Cigarettes sold in Singapore may contain less nicotine in future, with the Ministry of Health (MOH) saying it is monitoring efforts in the United States to reduce the amount of the addictive drug allowed in each cigarette.
The possible move comes four years after Singapore limited the nicotine and tar yields in each cigarette to 1mg and 10mg respectively.
But it is still unclear if lowering nicotine has had any impact on reducing the lure of cigarettes here.
Since 2013, the proportion of smokers among those aged 18 to 69 in Singapore has stayed relatively constant at around 13 per cent.
The US currently has not set a nicotine limit for cigarettes.
But last month, the US Food and Drug Administration (FDA) said it "plans to begin a public dialogue about lowering nicotine levels in combustible cigarettes to non-addictive levels through achievable product standards". It did not say what level this might be.
Asked whether Singapore might follow in the US' footsteps, MOH said it is "committed to lowering smoking prevalence in Singapore".
NOT THE ANSWER
Some scientists have proposed that reducing the nicotine levels in cigarettes to less than 10 per cent in conventional cigarettes can make them less addictive... But this is far from making cigarettes non-addictive because any amount of nicotine can be addictive.
DR SEE KAY CHOONG, who heads the National University Hospital's division of respiratory and critical care medicine.
"We regularly study tobacco control approaches from around the world and will consider adopting suitable measures in Singapore," it said in reply to The Straits Times.
The US appears to be trying to go further than what is in place elsewhere in the world.
Since 2004, the European Union has allowed for a maximum of 1mg and 10mg for the nicotine and tar yields per cigarette respectively.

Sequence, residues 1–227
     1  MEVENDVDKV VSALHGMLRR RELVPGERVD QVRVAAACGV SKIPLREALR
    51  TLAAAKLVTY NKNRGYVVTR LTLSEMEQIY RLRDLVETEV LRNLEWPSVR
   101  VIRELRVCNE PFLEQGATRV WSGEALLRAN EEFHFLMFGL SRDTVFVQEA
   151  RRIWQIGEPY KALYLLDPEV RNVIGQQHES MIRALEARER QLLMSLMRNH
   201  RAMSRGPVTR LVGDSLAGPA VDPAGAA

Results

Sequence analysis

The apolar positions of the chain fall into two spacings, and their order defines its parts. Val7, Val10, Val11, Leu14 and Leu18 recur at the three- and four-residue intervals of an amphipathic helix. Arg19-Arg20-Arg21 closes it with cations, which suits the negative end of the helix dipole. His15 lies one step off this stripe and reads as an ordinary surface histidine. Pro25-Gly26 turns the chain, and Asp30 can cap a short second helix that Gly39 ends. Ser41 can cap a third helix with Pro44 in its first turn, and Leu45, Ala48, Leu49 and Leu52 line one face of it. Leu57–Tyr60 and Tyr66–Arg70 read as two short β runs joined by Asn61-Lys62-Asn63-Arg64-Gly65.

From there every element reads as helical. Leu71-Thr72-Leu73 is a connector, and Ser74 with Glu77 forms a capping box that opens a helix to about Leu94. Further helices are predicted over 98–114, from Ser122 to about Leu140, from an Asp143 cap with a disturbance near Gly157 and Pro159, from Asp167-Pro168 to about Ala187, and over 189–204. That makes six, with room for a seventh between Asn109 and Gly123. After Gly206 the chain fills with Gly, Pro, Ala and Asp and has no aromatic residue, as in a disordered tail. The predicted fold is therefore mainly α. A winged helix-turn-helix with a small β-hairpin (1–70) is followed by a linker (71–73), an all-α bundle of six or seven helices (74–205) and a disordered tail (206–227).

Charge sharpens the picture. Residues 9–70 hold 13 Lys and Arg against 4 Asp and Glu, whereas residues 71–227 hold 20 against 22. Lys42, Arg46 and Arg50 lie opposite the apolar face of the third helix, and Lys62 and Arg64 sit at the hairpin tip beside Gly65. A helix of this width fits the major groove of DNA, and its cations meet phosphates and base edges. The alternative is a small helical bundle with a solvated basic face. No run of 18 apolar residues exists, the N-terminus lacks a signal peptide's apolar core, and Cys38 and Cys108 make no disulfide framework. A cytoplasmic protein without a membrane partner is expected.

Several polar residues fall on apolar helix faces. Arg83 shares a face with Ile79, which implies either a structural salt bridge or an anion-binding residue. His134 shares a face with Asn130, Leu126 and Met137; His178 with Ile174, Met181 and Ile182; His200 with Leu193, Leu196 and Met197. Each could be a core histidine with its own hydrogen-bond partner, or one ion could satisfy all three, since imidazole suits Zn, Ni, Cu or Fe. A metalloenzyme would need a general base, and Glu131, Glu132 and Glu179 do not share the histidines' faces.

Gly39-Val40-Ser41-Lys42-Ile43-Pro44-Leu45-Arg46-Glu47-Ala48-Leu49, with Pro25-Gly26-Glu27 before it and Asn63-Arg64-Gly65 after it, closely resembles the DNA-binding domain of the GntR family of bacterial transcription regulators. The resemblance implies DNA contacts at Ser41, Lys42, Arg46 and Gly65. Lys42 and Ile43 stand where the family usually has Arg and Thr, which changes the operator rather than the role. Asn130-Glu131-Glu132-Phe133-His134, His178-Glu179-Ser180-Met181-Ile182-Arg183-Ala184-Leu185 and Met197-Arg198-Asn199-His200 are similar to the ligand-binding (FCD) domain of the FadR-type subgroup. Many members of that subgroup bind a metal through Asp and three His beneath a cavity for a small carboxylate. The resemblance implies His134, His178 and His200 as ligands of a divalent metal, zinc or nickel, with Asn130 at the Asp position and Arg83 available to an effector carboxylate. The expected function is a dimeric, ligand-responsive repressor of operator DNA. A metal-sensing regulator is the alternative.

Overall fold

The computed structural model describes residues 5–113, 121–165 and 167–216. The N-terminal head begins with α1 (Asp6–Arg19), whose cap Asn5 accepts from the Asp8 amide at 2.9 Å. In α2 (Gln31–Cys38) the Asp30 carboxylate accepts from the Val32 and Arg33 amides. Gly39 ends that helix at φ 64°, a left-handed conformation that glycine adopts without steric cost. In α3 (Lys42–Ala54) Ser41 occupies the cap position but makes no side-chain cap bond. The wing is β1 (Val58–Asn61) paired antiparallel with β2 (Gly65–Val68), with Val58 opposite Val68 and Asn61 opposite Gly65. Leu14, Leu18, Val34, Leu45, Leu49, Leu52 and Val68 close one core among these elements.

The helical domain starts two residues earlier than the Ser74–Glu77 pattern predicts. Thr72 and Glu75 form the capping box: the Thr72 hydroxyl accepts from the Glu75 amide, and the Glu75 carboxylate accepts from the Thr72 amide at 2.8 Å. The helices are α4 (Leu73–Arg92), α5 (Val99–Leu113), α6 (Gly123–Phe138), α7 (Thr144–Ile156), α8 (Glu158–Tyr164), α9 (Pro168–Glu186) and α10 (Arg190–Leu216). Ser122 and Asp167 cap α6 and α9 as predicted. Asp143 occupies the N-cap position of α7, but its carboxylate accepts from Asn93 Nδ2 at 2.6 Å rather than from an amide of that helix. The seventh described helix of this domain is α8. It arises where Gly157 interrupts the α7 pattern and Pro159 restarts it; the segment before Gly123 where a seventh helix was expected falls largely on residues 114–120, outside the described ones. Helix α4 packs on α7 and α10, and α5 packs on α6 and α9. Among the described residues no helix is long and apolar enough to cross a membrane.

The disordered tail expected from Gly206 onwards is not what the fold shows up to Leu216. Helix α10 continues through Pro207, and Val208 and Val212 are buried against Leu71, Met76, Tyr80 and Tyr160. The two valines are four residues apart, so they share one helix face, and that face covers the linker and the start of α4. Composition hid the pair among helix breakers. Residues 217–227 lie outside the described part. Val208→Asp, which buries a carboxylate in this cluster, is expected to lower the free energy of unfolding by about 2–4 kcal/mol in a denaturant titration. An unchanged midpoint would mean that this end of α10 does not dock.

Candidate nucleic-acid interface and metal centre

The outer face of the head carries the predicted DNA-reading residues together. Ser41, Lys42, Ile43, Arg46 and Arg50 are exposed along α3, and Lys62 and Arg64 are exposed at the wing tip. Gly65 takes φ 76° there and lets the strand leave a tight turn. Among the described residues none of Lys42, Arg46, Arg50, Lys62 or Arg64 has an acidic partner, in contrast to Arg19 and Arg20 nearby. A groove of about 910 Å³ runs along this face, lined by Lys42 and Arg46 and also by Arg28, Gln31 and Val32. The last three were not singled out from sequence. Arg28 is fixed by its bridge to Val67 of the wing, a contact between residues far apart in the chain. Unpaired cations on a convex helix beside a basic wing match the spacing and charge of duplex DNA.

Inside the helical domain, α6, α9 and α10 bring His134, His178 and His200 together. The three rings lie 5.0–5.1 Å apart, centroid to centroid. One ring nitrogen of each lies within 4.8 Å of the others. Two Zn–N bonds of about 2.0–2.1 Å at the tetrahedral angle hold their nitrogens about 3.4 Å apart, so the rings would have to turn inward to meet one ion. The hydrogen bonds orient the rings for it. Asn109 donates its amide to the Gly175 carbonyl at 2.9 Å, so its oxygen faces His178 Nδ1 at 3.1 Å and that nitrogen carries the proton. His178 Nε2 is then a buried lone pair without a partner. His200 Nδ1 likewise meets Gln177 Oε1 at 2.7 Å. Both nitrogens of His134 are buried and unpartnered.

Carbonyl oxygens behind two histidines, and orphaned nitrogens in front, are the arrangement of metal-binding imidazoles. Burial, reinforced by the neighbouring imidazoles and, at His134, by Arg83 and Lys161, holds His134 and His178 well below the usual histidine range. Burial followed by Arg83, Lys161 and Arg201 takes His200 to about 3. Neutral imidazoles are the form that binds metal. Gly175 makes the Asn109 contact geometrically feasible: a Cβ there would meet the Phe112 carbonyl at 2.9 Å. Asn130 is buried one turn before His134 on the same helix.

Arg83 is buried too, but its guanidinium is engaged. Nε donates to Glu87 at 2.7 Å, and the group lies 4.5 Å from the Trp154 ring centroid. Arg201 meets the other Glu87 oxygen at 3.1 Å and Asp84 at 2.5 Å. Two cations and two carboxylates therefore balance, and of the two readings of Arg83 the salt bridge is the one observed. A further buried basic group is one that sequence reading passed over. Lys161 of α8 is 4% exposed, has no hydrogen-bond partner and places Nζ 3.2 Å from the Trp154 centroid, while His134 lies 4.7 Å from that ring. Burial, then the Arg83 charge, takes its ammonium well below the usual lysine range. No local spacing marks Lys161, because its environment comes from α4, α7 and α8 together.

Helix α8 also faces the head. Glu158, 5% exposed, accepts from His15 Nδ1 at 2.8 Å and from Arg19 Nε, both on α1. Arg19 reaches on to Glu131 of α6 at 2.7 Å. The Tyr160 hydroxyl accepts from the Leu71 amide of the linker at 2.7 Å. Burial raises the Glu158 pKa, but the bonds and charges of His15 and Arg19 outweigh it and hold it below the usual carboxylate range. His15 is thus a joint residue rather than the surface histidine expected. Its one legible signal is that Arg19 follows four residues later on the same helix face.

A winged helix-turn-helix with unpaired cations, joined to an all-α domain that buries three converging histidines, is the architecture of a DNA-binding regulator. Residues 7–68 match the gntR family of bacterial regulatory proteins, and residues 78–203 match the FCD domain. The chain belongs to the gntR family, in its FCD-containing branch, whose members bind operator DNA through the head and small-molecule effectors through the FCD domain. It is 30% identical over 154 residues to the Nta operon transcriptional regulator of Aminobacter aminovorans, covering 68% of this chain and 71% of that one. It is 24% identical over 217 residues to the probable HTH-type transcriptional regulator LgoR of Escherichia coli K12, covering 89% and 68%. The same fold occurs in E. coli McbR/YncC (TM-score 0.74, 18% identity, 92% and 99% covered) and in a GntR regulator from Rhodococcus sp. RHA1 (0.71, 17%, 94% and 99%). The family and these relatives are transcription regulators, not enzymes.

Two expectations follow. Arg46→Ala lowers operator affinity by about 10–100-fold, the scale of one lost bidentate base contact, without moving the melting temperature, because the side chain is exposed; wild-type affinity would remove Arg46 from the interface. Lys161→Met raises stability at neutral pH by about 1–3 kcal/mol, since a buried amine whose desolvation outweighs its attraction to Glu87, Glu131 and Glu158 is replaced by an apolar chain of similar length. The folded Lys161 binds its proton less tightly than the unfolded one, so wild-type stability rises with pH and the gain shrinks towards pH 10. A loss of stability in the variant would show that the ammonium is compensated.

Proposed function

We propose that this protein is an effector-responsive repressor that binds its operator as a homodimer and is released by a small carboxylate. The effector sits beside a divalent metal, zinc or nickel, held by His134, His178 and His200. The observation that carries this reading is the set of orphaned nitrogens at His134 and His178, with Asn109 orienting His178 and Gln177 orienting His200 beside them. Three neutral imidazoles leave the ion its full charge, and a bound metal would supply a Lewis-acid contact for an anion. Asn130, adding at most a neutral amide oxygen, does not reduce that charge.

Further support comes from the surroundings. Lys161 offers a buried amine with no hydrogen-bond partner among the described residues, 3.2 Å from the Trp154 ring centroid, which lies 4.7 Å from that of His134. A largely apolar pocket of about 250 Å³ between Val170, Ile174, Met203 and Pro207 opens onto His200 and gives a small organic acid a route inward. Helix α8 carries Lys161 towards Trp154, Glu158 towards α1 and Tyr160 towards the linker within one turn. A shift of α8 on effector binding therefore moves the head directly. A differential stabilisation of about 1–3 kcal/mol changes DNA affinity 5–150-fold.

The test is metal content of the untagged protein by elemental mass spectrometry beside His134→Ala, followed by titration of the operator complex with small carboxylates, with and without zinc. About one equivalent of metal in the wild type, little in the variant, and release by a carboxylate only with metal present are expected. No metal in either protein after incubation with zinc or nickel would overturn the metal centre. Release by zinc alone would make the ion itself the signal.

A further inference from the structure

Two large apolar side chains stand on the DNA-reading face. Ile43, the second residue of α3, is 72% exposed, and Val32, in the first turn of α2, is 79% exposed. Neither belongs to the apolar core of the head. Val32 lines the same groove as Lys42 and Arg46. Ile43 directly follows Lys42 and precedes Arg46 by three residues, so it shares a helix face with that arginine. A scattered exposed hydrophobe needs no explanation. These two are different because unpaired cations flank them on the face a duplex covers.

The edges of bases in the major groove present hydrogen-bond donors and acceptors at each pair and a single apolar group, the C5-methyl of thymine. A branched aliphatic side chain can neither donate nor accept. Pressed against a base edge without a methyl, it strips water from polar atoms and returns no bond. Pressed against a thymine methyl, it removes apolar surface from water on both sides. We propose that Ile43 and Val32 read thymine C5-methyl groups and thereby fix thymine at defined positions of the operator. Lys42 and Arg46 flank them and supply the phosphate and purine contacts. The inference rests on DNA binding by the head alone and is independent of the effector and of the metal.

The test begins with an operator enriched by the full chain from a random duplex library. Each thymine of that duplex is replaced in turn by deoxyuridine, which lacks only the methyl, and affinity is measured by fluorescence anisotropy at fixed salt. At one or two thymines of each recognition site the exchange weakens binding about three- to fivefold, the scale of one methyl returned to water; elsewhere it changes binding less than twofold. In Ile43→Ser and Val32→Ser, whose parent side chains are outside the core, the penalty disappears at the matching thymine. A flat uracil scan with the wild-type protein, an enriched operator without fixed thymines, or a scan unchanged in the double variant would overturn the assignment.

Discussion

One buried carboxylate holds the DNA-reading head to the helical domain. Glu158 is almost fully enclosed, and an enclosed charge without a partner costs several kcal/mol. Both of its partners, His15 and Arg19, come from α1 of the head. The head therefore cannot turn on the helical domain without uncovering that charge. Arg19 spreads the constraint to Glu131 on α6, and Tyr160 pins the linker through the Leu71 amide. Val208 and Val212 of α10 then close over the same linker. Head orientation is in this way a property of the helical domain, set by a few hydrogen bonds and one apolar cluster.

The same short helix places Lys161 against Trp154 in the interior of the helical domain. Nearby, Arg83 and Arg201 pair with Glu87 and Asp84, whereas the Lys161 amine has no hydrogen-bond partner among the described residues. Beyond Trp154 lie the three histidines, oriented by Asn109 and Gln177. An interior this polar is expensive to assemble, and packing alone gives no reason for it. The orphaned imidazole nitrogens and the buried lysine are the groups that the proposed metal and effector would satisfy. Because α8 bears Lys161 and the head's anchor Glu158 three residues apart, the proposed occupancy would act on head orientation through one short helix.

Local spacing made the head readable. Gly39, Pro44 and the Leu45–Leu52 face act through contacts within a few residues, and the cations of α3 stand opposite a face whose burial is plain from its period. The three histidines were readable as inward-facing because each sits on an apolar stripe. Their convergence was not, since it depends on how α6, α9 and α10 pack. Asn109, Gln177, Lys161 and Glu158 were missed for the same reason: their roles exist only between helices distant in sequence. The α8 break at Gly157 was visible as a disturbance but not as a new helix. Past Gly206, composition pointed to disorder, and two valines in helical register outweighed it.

Doctors and smokers here have mixed views on whether lower nicotine levels in cigarettes would work in getting fewer smokers hooked.
"Some scientists have proposed that reducing the nicotine levels in cigarettes to less than 10 per cent in conventional cigarettes can make them less addictive by reducing the pleasurable effects of nicotine per cigarette smoked," said Dr See Kay Choong, who heads the National University Hospital's division of respiratory and critical care medicine.
"But this is far from making cigarettes non-addictive because any amount of nicotine can be addictive."
Another issue the FDA proposal sidesteps is the harmful effects of other toxins in cigarettes, such as those in tar.
Dr Loke Wai Chiong, Deloitte's South-east Asia healthcare sector leader, also raised the possibility of smokers lighting up more because of the reduced nicotine levels, in order to get the "nicotine high".
Mr Alex Loh, 39, a smoker of 23 years, said he does not mind smoking cigarettes with less nicotine.
"I use a filter... so it's fine with me," said the advertising platform specialist. A filter traps some tar and nicotine, though not the poisons from the cigarette smoke.
"But for those who smoke more, like two packs a day, sometimes they will smoke more because there is no taste, no 'feeling'."